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Historical Development of Nursing Timeline

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Historical Development of Nursing Timeline

Cynthia Taylor

University of Phoenix

Theoretical Foundation of Practice

HCS 513

Margaret Mead DNP RN

May 30, 2011

Historical Development of Nursing Timeline

Introduction

The nursing discipline is rich and full of history with modest beginnings. However, over the years, the professional nursing has become independent and has developed into a field that many individuals find pleasure in working. Professional nursing is usually said to date from the Florence Nightingale era. It has been called the oldest of art and the youngest profession (Donahue, 1996). This paper will give a time line of important events within nursing that has helped to shape the profession, influence nursing science has on the profession and influence nursing science has on other disciplines. Nursing theorists agree that nursing is concerned with assisting man to maintain optimal health throughout his life process.

Nursing has always been directed at serving the health care needs of society. Nursing originated with the desired to keep people health and provide comfort, care and assurance to the ill in the community. Nursing was distinguished in its early history as a form of community service and was originally related to a strong instinct to preserve and protect the family (Donahue, 1985).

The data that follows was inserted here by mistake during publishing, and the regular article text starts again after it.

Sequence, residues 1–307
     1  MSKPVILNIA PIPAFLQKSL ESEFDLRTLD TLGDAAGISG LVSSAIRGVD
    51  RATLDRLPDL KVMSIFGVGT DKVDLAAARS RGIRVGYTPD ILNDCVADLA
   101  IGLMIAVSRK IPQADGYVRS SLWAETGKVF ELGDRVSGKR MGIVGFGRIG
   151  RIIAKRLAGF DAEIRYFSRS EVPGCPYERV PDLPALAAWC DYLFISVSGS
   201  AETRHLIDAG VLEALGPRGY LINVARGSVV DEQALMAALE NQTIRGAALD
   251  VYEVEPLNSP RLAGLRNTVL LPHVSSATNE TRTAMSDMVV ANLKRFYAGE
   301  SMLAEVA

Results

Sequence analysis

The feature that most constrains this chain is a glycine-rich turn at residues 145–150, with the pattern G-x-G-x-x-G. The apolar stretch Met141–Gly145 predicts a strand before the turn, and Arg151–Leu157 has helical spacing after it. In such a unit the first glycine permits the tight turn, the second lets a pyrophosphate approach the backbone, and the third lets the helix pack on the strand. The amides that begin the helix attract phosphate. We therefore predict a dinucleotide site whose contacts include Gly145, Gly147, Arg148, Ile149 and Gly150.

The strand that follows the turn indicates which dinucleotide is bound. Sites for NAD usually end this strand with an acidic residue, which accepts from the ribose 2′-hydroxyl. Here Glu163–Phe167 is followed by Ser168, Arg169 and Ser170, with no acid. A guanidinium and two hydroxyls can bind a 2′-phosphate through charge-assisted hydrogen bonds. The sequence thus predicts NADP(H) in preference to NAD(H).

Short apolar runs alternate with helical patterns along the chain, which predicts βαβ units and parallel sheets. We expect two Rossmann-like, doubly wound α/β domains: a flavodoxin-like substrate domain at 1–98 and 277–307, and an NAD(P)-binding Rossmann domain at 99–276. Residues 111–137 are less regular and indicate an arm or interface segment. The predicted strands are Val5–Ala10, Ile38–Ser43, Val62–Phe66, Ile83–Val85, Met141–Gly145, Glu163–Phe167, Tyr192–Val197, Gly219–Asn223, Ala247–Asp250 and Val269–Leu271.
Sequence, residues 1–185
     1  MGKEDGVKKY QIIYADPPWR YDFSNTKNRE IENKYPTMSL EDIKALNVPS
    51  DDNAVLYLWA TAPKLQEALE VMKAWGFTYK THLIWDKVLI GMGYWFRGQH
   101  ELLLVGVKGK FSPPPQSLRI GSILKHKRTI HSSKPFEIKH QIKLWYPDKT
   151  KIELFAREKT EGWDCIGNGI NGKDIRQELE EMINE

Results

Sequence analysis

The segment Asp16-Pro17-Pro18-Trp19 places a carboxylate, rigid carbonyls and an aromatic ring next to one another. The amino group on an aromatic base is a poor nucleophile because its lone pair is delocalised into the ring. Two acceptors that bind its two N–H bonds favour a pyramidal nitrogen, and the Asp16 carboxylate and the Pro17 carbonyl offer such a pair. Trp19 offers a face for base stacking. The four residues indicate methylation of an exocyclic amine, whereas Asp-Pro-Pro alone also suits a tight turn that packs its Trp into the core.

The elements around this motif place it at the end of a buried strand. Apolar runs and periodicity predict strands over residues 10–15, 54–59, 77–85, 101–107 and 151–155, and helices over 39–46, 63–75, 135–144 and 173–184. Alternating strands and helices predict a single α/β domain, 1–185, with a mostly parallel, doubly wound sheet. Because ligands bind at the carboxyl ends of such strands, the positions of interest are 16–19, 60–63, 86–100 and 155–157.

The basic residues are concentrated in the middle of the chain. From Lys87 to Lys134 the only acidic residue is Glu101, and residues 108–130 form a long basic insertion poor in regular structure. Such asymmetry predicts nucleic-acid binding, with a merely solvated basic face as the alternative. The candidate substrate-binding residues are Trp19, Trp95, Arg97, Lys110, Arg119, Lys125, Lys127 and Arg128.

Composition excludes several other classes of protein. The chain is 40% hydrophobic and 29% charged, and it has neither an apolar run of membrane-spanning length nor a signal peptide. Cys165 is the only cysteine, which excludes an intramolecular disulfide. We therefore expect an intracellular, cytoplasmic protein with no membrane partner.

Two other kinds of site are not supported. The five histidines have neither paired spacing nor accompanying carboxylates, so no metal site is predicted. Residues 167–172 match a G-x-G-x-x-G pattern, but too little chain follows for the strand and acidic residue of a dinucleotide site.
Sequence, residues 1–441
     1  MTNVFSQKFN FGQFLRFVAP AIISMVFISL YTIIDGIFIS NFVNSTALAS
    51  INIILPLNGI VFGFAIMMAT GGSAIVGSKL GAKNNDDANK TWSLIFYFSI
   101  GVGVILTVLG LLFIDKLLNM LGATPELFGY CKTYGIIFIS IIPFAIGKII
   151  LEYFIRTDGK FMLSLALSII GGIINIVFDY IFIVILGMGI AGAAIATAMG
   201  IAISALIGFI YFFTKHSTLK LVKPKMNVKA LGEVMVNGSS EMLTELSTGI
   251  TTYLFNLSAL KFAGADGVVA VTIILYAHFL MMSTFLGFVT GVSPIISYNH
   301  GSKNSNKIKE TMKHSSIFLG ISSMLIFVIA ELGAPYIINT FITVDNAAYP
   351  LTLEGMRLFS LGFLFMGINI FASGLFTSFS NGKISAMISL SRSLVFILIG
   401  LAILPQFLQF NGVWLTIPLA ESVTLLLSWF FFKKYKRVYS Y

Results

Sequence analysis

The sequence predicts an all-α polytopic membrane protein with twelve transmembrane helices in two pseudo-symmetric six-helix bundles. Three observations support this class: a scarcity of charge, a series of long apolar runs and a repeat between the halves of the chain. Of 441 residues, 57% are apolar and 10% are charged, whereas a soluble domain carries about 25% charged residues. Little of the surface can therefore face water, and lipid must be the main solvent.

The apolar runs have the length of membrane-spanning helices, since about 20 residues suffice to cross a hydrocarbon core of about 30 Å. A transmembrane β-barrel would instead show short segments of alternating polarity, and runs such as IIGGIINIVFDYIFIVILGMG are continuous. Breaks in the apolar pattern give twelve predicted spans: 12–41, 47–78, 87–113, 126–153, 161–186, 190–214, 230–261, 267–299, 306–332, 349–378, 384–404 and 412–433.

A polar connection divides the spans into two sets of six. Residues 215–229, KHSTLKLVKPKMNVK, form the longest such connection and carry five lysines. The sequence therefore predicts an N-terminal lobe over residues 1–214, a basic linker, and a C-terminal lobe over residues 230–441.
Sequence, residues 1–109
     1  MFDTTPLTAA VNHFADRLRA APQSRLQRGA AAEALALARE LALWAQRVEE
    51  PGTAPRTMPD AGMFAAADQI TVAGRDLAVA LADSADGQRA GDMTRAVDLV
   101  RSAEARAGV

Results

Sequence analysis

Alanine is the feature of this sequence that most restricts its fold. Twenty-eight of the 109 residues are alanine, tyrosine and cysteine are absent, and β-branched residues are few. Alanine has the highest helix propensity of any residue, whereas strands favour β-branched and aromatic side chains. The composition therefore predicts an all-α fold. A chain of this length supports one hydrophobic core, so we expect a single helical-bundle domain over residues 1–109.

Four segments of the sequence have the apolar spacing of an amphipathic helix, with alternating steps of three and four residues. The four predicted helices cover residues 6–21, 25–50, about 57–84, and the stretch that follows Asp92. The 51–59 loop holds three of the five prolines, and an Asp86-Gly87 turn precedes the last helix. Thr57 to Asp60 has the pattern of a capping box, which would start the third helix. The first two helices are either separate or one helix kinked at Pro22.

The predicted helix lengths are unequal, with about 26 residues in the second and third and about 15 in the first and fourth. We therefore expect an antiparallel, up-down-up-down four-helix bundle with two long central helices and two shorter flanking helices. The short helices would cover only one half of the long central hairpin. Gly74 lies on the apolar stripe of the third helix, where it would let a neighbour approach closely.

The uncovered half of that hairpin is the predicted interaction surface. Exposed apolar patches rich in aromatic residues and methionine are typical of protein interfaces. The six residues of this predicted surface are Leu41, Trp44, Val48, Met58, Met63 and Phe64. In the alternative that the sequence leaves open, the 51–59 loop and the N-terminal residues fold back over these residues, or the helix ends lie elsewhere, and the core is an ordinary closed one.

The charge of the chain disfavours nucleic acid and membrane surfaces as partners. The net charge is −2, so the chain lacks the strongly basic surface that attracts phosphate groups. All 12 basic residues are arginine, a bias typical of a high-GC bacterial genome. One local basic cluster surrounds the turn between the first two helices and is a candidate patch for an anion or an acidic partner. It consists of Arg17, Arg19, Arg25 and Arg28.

Historical Development

Nursing is as old as medicine. Throughout history, nursing and medicine have had an independent relationship and the approach to nursing was based largely on medical knowledge (Newman, 1995) (Newman, 1995). During the era of Hippocrates, medicine practice without nursing. He was one of the first people in the world to study healthcare. During the Middle Ages, nursing practiced without rational medicine (Donahue, 1985).

In ancient cultures, religious beliefs and myths were the basis for health care and medical practice. Religious leaders were responsible for diagnosis and treatment, and many cultures believed illness was caused by the gods' displeasure. In these cultures, nurses usually had a role subservient to religious leaders.

We certainly learn a great deal from our basic nursing theory, education and practical experiences at the bedside, but relying on that knowledge alone is a service to our patients. What we need to understand is the reason for our nursing action, having the knowledge to be able to think to avoid wasting time

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